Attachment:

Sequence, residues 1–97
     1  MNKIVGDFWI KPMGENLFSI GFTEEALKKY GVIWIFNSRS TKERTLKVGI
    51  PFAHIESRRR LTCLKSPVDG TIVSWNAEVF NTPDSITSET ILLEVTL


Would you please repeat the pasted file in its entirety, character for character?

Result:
Sequence, residues 1–97
     1  MNKIVGDFWI KPMGENLFSI GFTEEALKKY GVIWIFNSRS TKERTLKVGI
    51  PFAHIESRRR LTCLKSPVDG TIVSWNAEVF NTPDSITSET ILLEVTL